A new poll suggests two Liberal premiers may have gotten a boost from the red tide that swept Atlantic Canada in the October federal election.
But the victory of Justin Trudeau's Grits appears to have done little to improve the popularity of their provincial cousins in Ontario and Quebec.
Prime Minister Justin Trudeau hugs New Brunswick Premier Brian Gallant as he welcomes him to the First Ministers meeting in Ottawa. (Photo: Sean Kilpatrick/CP)
According to the Angus Reid Institute, which tests the job approval ratings of premiers each quarter, New Brunswick Premier Brian Gallant jumped nine points since September, and now sits at 34 per cent support.
Nova Scotia Premier Stephen McNeil also jumped six points during that period to land at 46 per cent. That makes McNeil the second most popular provincial leader behind Saskatchewan's Brad Wall, who perennially wins the honour.
Wall is at 60 per cent approval — an enviable number for most politicians but still three points lower than where he stood at the end of summer.
Gallant's jump to the middle of the pack is perhaps the most significant. The 33 year old won a majority government in September 2014 but saw his approval numbers plummet since then as he raised taxes and made cuts to deal with a $600-million structural deficit.
In the firm's September poll, Gallant was even challenging Manitoba Premier Greg Selinger for the dubious title of Canada's least popular premier. Gallant said at the time he would not campaign for Trudeau as federal Conservative candidates attempted to draw links between his unpopular government and the federal party.
But on election night, Trudeau's Grits swept all 10 seats in New Brunswick. They also took all 11 seats in Nova Scotia, all seven seats in Newfoundland and Labrador, and all four seats on Prince Edward Island.
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While the Angus Reid Institute believes Trudeau's triumph on the East Coast has lifted the fortunes of Gallant and McNeil, other Liberals weren't so lucky.
The poll has the job performance of Ontario Premier Kathleen Wynne at 30 per cent, down a statistically insignificant point from where she was in September. Wynne was a very vocal critic of Harper’s government during the federal election and campaigned alongside Trudeau.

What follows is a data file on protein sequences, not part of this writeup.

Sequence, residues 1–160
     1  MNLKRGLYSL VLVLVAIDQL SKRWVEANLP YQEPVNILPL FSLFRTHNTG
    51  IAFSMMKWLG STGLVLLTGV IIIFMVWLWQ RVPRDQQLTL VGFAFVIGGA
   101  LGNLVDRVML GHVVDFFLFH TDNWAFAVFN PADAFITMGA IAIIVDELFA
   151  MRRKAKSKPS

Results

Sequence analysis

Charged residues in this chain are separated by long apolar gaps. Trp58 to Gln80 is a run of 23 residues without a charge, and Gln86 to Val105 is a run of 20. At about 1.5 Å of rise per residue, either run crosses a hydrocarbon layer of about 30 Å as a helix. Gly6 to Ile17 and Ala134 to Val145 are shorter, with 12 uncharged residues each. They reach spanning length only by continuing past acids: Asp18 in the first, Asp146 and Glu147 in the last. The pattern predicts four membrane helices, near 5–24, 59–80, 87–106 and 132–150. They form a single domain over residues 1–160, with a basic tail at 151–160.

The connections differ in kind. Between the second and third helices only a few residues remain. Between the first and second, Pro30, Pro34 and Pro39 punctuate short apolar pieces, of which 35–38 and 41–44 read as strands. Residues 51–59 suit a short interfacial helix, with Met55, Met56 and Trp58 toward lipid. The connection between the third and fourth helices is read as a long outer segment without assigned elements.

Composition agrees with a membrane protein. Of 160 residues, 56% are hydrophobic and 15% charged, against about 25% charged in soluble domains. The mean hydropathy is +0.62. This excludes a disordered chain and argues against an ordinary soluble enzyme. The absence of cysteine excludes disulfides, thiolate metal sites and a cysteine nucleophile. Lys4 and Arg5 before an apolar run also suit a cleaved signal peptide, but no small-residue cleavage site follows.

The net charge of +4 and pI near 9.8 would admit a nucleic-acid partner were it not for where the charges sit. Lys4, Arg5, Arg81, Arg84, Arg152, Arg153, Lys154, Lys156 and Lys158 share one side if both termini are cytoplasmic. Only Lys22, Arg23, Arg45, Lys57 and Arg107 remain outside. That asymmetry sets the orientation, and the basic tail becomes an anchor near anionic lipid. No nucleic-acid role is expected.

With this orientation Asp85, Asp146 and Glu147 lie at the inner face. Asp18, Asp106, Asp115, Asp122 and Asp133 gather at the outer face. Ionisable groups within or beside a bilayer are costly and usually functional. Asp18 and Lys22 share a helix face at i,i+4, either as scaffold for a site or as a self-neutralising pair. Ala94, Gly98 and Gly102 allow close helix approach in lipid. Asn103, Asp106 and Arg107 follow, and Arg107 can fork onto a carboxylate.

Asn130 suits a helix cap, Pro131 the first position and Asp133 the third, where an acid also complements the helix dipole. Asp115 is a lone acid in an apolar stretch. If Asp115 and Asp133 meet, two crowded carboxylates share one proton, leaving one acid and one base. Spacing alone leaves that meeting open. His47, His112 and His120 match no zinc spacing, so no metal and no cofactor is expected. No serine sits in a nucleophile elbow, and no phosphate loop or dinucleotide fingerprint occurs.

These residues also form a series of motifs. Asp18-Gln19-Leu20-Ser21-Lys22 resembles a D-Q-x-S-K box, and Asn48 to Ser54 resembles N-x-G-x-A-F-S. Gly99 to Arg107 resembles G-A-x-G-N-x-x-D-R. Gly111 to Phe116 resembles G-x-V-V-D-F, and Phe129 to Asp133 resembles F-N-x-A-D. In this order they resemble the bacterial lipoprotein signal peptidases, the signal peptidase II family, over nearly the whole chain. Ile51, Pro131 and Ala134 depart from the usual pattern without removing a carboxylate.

Quebec Premier Philippe Couillard is now at 35 per cent support, a drop of six points from the last quarter.
Manitoba premier remains in the basement
Out west, Alberta Premier Rachel Notley dipped five percentage points since September, but her 45 per cent approval rating makes her among the most popular premiers. British Columbia Premier Christy Clark has rebounded two points to sit at 34 per cent approval.
And Manitoba Premier Greg Selinger, who will face voters in an April provincial election, remains in the basement at 22 per cent approval. While that number is unchanged from last quarter, it's five points better than where he stood this time last year.
Prime Minister Justin Trudeau welcomes Nova Scotia Premier Stephen McNeil to the First Ministers meeting in Ottawa. (Photo: Adrian Wyld/CP)
There's no data for new Newfoundland and Labrador Premier Dwight Ball because he hasn't even been sworn in yet. His Liberal party captured a landslide majority government last week.
The Angus Reid Institute does not measure the approval rating of P.E.I. Premier Wade MacLauchlan — another East Coast Liberal with a majority government — because the sample size for that province is too small.
The survey was conducted online among 6,301 Angus Reid Forum panelists between Nov. 24 and Dec. 1. Similar surveys have a margin of error of 1.2 per cent, 19 times out of 20.